En español | We walked slowly to Audie Murphy Hill. It's at the north edge of the small front lawn at 228 SouthArdmore. He — Jack — used to live in that house, when we first became best friends. We were five then; we were 57 now.
"It seemed so steep," I said to him.
"Well, we were little," he said.
This was toward the end. Every time I came back home to see him, we made the walk. He wanted to.
The slope hardly rises. But in those years when he and I first knew each other — the years just after World War II — it felt to us like something out of Italy or North Africa. We would charge up that placid piece of grass on that safe Ohio street and, sticks standing in for rifles, we would pretend we were Audie Murphy. The most decorated combat soldier of the war.
"You feel like climbing up the hill?" I asked. It wasn't a hill at all. But it was too daunting for him.
A few months earlier, Jack hadn't been feeling well. He came home from work and went up to the bedroom. He'd told Janice, his wife, to let him know when it was time for dinner. She found him on the floor, unconscious.
We all, if we're lucky, have someone in our lives like Jack — our first friends, our oldest friends. If we're especially fortunate, they remain close to us no matter where the world leads us.
The friends who mean everything to us — the friends without whom our lives would be empty — are our most enduring models of grace and good fortune. When we lose them, we realize that our own lives have been filled to overbrimming with the grand, invisible gifts they have given us.
I know the exact moment I met him.
We were in kindergarten in Bexley,Ohio. Miss Barbara was the teacher. One afternoon we were all sitting on the floor around her. I was near the back, and I noticed something on my lip — it felt as if my nose was dripping.
We'd roll up socks and play shoebox basketball. The laughter, the shouts…it warmed our winter days.
I'd had nosebleeds before, but my mother was always there to help. Now I was sitting on the floor with other five-year-olds. I was embarrassed. When you're that age, the last thing you want is to be singled out in public.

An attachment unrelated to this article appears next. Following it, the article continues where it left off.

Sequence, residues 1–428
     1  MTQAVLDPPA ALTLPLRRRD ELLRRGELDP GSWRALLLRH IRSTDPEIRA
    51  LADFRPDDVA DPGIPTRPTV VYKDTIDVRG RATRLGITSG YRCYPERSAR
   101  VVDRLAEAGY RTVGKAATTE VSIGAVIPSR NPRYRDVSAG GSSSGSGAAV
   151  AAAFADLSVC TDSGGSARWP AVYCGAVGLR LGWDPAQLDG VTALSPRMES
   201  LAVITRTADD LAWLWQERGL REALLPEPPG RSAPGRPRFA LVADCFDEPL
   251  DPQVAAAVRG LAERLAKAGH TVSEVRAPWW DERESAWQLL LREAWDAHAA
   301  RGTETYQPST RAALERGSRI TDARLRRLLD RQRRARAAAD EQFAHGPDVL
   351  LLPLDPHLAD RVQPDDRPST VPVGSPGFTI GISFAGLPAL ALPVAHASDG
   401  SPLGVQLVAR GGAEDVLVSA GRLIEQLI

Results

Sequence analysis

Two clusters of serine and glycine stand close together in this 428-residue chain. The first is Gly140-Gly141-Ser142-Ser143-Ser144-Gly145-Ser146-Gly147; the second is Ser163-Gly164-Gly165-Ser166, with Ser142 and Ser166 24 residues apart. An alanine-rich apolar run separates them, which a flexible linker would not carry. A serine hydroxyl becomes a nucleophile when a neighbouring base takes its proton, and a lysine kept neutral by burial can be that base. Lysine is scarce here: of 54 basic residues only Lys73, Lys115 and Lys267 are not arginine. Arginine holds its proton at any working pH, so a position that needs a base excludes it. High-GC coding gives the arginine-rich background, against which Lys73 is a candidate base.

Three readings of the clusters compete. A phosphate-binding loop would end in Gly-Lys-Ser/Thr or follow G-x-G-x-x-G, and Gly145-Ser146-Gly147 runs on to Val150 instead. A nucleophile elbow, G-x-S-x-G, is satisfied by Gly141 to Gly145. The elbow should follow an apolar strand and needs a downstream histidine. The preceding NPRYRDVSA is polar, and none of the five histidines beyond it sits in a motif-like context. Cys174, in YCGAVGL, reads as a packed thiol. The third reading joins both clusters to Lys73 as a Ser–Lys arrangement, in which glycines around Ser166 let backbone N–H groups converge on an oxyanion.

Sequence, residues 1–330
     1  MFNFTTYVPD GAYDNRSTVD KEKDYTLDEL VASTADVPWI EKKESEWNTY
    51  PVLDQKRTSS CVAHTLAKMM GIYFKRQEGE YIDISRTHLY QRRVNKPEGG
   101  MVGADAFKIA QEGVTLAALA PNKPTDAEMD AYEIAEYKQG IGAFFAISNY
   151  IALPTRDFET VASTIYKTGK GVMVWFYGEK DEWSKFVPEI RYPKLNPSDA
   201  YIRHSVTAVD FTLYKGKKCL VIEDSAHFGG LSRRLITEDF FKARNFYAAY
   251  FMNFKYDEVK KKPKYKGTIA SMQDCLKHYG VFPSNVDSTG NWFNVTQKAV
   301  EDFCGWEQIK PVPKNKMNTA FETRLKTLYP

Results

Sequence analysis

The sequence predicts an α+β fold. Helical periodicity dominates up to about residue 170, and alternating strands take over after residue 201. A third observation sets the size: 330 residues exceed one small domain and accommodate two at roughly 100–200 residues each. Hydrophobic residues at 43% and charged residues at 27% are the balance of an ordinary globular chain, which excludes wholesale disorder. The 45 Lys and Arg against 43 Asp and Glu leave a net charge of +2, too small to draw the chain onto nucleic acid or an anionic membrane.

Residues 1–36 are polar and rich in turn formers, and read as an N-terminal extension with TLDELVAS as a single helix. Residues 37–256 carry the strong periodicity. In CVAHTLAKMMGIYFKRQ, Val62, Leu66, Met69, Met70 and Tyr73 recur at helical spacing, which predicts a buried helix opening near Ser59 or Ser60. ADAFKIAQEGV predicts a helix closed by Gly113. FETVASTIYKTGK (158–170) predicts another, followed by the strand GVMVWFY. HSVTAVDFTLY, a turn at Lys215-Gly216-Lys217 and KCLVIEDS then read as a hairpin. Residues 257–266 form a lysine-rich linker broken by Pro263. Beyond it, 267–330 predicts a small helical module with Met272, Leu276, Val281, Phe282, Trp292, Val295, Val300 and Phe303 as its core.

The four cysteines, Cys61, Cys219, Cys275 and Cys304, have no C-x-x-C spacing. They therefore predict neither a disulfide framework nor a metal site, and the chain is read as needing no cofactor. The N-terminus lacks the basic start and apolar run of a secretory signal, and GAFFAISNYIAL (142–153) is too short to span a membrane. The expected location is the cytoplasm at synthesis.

I tilted my head toward the linoleum floor, hoping no one would see. I lifted the bottom of my T-shirt, pressed it up against my nose, thinking the pressure would stop the blood. It didn't. Now the shirt had blood on it, and I was feeling a five-year-old's panic.
Then, a few feet away from me, someone stood up. I heard his voice before I saw him. I had been staring straight down, scared and ashamed.
"Miss Barbara?" he said.
She stopped reading aloud.
His name was Jack Roth. We didn't know each other, but he'd been listening during the daily roll call, and he'd learned my name. Within a minute I was in the nurse's office, getting cleaned up. Everything would be fine.
"Bob's hurt." Like the rest of us, the last thing he wanted was to disrupt this new kindergarten world. But there he was. Standing straight up, for someone he didn't yet know.
After Jack had collapsed, the doctors determined that he was full of cancer, including in his brain. If he began radiation and chemotherapy immediately, he might live a year or two. And here is what Jack said to me to sum up what he'd been told. A month before, he had been working hard at his job, he had been laughing with his friends and family, he had been making plans for vacation trips. Now, in a clear and steady voice, this is what he said: "I got dealt a hard hand." That was it.